May 19, 2016
On May 17, 2016, the Division of Corporation Finance of the Securities and Exchange Commission (the "Staff") issued new Compliance and Disclosure Interpretations (C&DIs) regarding the use of non-GAAP financial measures and revised existing C&DIs on the same topic. These interpretations come on the heels of numerous speeches by SEC Commissioners and the Staff indicating that the SEC is increasing its scrutiny of companies’ use of non-GAAP financial measures in light of the increasing use of such measures by companies, analysts and the press. The Staff has also intensified its focus on non-GAAP financial measures in the review and comment process. The C&DIs related to non-GAAP financial measures are available here, and a redline comparing the Staff’s non-GAAP C&DIs to its prior interpretations is availablehere.
The new and revised interpretations will significantly impact companies’ use of non-GAAP financial measures and will require many companies to revise their current earnings release presentations. Whereas the Staff in recent years was viewed as encouraging companies to include in their SEC filings any non-GAAP financial measures contained in analyst presentations, the new interpretations represent a dramatic swing of the pendulum in the Staff’s views on non-GAAP disclosures, and may lead companies to reconsider including such measures in earnings releases and filed documents.
The new guidance addresses two primary issues: the "equal or greater prominence" requirement for certain non-GAAP presentations and presentations of non-GAAP financial measures that the Staff views as improper. These interpretations carry out the recent statement by the Chief Accountant of the Division of Corporation Finance that the Staff intended to "crack down" on a variety of non-GAAP disclosure practices.
1. Equal or Greater Prominence Requirement. As stated in the C&DI, any document filed with the Commission and any earnings release furnished under Item 2.02 of Form 8-K that contains a non-GAAP financial measure must present the most directly comparable GAAP measure "with equal or greater prominence." The Staff’s new interpretations read "equal" prominence to mean that the GAAP measure generally must precede any non-GAAP measure, and make clear that the Staff reads "prominence" to refer not simply to the location or ordering of GAAP and non-GAAP numbers, but also to apply to the manner in which GAAP and non-GAAP numbers are discussed and characterized.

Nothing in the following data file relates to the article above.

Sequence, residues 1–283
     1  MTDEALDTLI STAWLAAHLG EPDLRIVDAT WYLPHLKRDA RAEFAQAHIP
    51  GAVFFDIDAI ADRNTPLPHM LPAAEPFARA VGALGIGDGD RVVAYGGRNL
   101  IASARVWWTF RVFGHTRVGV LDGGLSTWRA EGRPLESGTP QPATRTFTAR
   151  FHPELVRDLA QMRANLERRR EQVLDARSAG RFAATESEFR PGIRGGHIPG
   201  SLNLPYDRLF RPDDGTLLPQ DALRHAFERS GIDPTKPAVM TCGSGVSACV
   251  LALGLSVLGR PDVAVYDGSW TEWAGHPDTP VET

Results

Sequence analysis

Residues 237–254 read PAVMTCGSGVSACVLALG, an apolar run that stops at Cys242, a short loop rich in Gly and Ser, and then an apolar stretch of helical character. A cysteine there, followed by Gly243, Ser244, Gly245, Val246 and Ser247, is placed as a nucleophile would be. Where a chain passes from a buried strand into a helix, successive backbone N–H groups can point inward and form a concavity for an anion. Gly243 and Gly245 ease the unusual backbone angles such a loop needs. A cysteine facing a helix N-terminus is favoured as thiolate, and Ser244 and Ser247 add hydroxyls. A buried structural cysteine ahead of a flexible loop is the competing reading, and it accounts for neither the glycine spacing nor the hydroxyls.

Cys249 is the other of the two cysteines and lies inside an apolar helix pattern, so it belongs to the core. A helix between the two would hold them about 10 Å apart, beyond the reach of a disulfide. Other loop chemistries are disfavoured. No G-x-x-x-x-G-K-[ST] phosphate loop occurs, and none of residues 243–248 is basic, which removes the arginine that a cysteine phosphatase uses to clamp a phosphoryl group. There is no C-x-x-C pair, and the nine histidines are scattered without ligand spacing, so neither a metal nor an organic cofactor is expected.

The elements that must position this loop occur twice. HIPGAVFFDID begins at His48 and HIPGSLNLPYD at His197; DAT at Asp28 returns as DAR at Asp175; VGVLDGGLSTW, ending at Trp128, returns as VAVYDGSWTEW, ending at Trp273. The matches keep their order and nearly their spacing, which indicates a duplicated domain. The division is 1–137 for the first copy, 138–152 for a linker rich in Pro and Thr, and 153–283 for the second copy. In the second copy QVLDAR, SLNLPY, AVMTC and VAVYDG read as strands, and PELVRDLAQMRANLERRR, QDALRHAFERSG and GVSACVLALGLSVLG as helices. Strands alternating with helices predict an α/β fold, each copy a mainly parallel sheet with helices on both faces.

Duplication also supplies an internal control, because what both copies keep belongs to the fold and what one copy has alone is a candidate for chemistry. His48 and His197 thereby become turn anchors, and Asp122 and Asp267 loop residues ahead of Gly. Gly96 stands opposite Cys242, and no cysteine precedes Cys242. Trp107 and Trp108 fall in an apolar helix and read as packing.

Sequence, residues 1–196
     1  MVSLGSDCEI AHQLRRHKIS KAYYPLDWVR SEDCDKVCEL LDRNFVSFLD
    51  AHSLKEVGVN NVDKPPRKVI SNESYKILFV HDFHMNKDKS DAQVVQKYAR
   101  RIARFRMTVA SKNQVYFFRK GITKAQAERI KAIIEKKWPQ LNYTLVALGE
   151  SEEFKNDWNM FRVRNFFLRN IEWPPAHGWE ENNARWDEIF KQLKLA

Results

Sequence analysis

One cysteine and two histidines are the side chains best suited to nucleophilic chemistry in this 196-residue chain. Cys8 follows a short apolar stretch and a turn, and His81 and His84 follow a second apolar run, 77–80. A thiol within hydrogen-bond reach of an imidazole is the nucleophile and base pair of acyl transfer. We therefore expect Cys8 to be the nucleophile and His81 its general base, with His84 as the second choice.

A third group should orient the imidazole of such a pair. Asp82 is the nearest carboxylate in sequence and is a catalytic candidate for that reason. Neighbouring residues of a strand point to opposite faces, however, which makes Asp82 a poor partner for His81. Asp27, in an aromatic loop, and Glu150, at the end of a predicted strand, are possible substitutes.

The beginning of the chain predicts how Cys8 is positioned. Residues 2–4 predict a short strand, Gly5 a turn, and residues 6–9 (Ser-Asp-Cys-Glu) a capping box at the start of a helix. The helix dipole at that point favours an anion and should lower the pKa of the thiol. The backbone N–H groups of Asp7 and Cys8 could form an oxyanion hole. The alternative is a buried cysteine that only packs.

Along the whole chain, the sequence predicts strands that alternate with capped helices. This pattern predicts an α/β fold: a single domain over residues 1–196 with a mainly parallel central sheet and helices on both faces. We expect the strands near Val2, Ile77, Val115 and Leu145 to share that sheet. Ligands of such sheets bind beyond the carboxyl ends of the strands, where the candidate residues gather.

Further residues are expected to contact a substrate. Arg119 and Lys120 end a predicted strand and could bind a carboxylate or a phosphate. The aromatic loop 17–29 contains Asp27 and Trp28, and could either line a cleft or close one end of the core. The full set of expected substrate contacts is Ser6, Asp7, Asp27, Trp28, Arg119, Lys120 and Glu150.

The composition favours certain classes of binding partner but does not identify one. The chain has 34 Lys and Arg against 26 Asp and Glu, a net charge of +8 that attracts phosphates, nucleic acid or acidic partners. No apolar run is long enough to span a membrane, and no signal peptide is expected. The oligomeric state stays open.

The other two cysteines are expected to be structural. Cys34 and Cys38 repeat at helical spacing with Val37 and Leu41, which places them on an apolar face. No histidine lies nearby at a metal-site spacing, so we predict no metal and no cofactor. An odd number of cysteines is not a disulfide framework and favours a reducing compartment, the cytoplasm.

Specifically, while acknowledging that "prominence" generally depends on the facts and circumstances under which a disclosure is made, C&DI 102.10 states that the Staff would consider the following situations to be examples of impermissibly presenting a non-GAAP measure as more prominent:
In the context of providing forward-looking statements (such as guidance or outlook) using non-GAAP measures, the same C&DI interprets the "equal or greater prominence" requirement to create a new disclosure obligation. Specifically, the non-GAAP disclosure rules require that any forward-looking non-GAAP financial measure be accompanied by a quantitative reconciliation to the most directly comparable GAAP measure, "to the extent available without unreasonable efforts." C&DI 102.10 states that when a company relies on the "unreasonable efforts" exception, the equal or greater prominence rule requires the company to disclose "in a location of equal or greater prominence" the fact that the company is relying on the exception and to identify the information that is unavailable and its probable significance.
Finally, the Staff reflected its long-standing disapproval of non-GAAP income statements through the equal or greater prominence rule, stating that a full income statement of non-GAAP measures presented alongside a GAAP income statement or presented when reconciling non-GAAP measures to the most directly comparable GAAP measures fails to satisfy the "equal or greater prominence" requirement.